WBAL 2022 Maryland governor – candidate profile: John King
4/17/2022 | WBAL Staff
As part of our Commitment 2022 coverage from 11 News, WBALTV.com has the information you need to cast your vote for Maryland governor in 2022.
The following responses are from John King, Democratic candidate for governor. He is 47 years old and was born in New York, New York. He is president of the Education Trust, and he is a former U.S. secretary of education under President Barack Obama. His running mate is Michelle Daugherty Siri.
QUESTION 1: What is your plan to improve Maryland’s infrastructure?
I know firsthand what it’s like to deal with Beltway traffic and the frustrations Marylanders experience from the gaps in our state’s public transit system. Between the cancellation of Baltimore’s Red Line and delays with the Purple Line, the Hogan administration has been a disaster for equitable, accessible and smart public transit. Additionally, the administration has doubled down on abandoning public transportation with its diversion of resources and attention to highway expansion with expensive private toll lanes that will do nothing to solve our traffic problems.
Besides forfeiting federal funds, Gov. Larry Hogan’s cancellation of the Red Line project disproportionately harmed Black communities in Baltimore, with the Obama administration even opening a civil rights investigation into the cancellation. Unfortunately, this complaint was closed by the Trump Justice Department.
The Purple Line, meanwhile, has seen years of delays and cost overruns, in part, driven by cuts to state money for the project and the Hogan administration valuing the cheapest bid over quality. Maryland taxpayers deserve to have their tax dollars used on public projects that will benefit them, not on so-called “public-private partnerships” that run over budget and behind schedule.
As governor, I will:
- Reactivate the plan for the Baltimore Red Line.
- Ensure completion of the Purple Line.
- Partner with the Biden administration to put public transit — including light rail like the proposed Southern Maryland Rapid Transit project and efficient bus service — at the center of Maryland’s transportation policy.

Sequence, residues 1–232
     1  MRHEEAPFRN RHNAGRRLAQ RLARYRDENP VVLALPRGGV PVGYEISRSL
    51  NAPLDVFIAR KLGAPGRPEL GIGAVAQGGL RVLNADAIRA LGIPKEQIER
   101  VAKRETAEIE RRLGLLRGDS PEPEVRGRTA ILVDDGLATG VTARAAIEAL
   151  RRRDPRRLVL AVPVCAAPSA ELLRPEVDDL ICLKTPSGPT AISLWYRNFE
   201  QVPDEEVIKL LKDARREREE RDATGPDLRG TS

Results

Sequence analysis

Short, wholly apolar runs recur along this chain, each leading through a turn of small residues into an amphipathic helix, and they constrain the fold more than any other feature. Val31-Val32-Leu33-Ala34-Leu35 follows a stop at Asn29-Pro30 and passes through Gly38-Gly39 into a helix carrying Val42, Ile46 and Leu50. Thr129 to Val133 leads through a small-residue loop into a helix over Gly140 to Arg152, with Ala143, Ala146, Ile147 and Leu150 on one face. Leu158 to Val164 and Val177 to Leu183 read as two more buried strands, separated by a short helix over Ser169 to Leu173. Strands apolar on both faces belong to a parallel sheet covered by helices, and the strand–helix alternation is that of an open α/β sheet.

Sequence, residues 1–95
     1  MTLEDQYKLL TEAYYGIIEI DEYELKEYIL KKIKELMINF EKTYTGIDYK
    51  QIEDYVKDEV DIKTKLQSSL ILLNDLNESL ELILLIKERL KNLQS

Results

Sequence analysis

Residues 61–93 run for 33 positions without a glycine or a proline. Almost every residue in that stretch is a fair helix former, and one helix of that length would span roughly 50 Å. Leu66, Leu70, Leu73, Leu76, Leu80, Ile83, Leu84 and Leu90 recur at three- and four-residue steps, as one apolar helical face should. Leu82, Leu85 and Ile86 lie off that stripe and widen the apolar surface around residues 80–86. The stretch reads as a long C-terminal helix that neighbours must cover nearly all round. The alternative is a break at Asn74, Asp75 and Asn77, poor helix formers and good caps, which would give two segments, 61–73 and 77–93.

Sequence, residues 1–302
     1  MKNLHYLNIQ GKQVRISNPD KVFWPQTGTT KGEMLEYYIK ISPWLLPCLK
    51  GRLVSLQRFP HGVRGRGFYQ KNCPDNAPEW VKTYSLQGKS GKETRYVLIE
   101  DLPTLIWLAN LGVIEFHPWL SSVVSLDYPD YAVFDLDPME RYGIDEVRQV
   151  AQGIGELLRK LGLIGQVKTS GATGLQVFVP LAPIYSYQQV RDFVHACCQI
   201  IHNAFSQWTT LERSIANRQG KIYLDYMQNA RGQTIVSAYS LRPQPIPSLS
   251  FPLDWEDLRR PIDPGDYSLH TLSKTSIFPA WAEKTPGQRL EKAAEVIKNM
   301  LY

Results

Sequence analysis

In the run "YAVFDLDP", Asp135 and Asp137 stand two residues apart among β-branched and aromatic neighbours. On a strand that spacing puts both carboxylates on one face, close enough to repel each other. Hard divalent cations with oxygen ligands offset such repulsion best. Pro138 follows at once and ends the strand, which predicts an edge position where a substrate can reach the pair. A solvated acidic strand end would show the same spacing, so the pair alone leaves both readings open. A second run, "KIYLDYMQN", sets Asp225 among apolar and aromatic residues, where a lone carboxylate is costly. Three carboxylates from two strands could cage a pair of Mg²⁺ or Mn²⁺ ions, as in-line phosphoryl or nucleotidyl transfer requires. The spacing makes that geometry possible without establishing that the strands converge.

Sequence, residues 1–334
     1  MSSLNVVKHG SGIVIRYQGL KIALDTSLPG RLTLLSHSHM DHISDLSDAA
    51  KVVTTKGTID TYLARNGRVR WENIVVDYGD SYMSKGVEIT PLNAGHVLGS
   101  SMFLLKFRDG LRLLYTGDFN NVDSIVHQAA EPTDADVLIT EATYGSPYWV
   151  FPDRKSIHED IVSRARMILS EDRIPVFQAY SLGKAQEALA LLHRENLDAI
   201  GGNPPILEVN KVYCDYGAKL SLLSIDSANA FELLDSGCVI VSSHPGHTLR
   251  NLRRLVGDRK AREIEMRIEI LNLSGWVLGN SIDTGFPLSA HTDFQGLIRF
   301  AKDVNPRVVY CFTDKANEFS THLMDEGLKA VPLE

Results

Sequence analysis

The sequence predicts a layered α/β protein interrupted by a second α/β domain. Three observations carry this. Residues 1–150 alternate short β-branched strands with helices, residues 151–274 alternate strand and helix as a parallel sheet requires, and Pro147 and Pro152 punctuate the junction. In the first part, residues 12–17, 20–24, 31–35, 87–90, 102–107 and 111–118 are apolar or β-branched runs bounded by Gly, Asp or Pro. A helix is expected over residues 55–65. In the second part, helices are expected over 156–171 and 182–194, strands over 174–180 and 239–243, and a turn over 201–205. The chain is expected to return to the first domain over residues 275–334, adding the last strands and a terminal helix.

- Develop incentives to create more sustainable communities and neighborhoods.
- Make sure Maryland’s transportation options are serving all Marylanders, not just those in wealthier neighborhoods.
- Fight against the construction of private toll lanes.
- Invest in the MARC Train to make it more user friendly, increase the frequency of trains, and extend it west.
Additionally, Maryland communities are already beginning to feel the ravages of climate change. Marylanders are seeing the cost of inaction firsthand across the state. In the last five years, Ellicott City has been devastated with two 1,000-year floods that have taken lives and livelihoods. In Dorchester County, rising sea levels are threatening jobs, historical sites and housing. Droughts have devastated Maryland farmers and left them with tough decisions about their crops. And, according to a 2016 report by the Maryland Department of Health, increased heat waves in Baltimore City have led to higher levels of asthma.
To equip communities to face the climate challenges ahead and build healthy and resilient communities, I will:
- Ensure all public buildings (including schools and higher education campuses) are powered by renewable energy by 2030 and all state vehicles, transit buses and school buses are electric by 2030
- Build 10,000 fast-charging stations to facilitate the transition to electric vehicles
- Invest in infrastructure resilience and planning
- Invest in storm-water management infrastructure
- Invest in resilience hubs, particularly in under-resourced communities
- Support healthy communities by expanding access to sustainable, walkable, transit-friendly communities and locally grown food.
- Support improved waste management strategies — including composting — to reduce emissions and pollution.
QUESTION 2: What specifically will you do to improve education in Maryland?
I know firsthand the power of public schools. By the time I was 12, both of my parents passed away. Like many kids who have suffered trauma, I struggled; I got into trouble and was kicked out of high school. It was public school educators that saved my life and inspired me to become an educator myself. From my time as a teacher and principal, and as the nation’s first Afro-Latino secretary of education under President Barack Obama, I have spent my entire career fighting for strong public education and opportunity for every student, especially those most underserved.
Maryland was once a national leader when it came to public education. But sadly, eight years of inadequate investment and lackluster executive leadership caused Maryland’s public schools to fall behind, and the learning disruption from COVID-19 has exacerbated these challenges.